In conducting day-to-day affairs, we must have a strong sense of "one country" and firmly observe the "one country" principle, and thereby correctly handle the relationship between the HKSAR and the central government. Any attempt to endanger China's sovereignty and security, challenge the authority of the central government and the sanctity of the Basic Law of the HKSAR, or use Hong Kong as a channel for infiltration and sabotage against the mainland, is an act that crosses the red line, and is absolutely impermissible.

On the other hand, on the basis of "one country", the "two systems" should and can stay in harmony and reinforce each other. We must adhere to "one country" and respect the differences of the "two systems", uphold the power of the central government and ensure a high degree of autonomy in the HKSAR, give play to the role of the mainland as a staunch supporter of Hong Kong and enhance Hong Kong's own competitiveness. At no time should we focus only on one aspect to the neglect of the other. Only in this way can we ensure that the "one country, two systems" ship will maintain a steady course and reach its destination despite any rough seas.

Second, it is imperative to always act in accordance with the Constitution of the People's Republic of China and the Basic Law of the HKSAR. Hong Kong's return completed a major transformation of its constitutional order. The Constitution and the Basic Law together form the constitutional basis of the HKSAR. The Constitution is the fundamental law of China. It embodies the common will of the Chinese people, and represents the legal origin of the system of special administrative regions. Enacted in accordance with the Constitution, the Basic Law provides for the system and policies that should be practiced in the HKSAR, codifies and institutionalizes "one country, two systems", and provides legal safeguards for its practice in Hong Kong.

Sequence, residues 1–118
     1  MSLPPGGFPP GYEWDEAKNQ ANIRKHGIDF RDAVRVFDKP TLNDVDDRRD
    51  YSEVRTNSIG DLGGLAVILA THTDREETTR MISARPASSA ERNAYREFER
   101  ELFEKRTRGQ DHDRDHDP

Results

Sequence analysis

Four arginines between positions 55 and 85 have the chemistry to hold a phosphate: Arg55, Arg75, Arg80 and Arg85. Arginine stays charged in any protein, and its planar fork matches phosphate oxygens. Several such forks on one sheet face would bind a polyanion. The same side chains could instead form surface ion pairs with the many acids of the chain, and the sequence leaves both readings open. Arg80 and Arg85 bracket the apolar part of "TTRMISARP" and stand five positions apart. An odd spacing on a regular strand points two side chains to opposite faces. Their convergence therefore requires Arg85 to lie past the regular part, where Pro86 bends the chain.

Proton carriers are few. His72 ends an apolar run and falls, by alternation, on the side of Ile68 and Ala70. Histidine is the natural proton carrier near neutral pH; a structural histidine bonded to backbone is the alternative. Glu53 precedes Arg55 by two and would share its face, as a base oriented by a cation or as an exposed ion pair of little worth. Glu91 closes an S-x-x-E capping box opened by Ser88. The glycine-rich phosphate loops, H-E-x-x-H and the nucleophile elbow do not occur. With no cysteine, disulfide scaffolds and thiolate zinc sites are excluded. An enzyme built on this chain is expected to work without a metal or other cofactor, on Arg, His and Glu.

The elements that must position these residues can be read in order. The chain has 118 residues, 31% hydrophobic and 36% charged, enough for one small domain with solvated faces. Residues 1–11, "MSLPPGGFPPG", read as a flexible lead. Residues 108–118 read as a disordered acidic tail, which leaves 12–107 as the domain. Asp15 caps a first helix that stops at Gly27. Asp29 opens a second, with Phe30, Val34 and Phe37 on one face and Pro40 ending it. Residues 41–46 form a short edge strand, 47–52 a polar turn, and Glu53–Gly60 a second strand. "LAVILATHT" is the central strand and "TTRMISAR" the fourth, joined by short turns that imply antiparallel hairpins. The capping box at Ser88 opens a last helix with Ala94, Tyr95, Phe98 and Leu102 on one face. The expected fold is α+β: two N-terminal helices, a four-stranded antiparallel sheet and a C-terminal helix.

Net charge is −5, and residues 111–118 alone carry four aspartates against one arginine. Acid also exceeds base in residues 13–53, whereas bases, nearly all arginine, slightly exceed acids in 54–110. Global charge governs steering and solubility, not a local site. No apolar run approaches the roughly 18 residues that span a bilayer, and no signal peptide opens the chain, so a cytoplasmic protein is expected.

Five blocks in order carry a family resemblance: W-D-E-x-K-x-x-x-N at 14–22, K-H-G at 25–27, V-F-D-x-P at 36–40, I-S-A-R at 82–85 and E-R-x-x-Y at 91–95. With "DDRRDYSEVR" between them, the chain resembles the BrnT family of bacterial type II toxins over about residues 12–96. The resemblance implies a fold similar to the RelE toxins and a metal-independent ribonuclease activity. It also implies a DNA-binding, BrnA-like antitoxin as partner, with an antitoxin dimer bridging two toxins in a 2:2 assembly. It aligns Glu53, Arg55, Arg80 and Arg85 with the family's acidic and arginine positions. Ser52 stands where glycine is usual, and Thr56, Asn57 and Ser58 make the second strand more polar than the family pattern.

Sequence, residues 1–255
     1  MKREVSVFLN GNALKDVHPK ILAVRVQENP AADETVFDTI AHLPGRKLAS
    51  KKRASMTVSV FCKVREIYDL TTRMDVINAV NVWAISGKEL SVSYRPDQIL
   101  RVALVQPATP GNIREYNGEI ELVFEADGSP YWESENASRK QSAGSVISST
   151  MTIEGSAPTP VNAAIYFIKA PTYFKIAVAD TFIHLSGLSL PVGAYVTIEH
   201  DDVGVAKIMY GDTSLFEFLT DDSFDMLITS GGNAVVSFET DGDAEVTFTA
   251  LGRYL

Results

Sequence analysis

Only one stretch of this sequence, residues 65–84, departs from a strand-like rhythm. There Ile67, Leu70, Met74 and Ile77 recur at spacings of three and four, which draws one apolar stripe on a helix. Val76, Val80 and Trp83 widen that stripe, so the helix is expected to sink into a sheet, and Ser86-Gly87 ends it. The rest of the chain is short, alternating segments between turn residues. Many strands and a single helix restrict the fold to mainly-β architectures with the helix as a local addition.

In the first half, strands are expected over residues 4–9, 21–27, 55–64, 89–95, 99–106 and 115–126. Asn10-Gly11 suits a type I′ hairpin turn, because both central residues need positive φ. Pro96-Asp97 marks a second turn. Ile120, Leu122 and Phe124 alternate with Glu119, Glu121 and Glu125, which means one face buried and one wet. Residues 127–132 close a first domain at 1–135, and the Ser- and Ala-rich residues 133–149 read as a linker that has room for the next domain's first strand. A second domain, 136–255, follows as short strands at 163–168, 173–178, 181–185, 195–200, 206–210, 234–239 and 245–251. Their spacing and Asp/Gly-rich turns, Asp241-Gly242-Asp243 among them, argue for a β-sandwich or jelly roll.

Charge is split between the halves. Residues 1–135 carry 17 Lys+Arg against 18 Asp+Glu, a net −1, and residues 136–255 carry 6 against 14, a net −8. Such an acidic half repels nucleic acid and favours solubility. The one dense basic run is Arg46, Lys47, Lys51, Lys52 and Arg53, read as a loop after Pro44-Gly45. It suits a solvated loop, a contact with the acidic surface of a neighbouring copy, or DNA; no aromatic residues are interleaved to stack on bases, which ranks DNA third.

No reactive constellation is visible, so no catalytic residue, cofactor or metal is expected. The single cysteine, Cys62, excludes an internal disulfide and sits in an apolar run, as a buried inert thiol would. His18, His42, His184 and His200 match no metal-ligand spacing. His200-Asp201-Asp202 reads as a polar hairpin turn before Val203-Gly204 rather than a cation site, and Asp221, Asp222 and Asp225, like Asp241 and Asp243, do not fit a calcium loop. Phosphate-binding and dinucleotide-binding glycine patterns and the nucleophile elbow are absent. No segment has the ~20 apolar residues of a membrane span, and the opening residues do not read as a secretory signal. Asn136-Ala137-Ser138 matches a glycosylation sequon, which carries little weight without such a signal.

In observing the order prescribed by the Constitution and the Basic Law, it is important both for the central government to exercise power and for the HKSAR to fulfill its own responsibilities. We should improve the relevant institutions and mechanisms for implementing the Basic Law, and raise public awareness of the Constitution and the Basic Law in Hong Kong, particularly among civil servants and young people. These steps are integral to practicing "one country, two systems", advancing law-based governance nationwide, and upholding the rule of law in Hong Kong.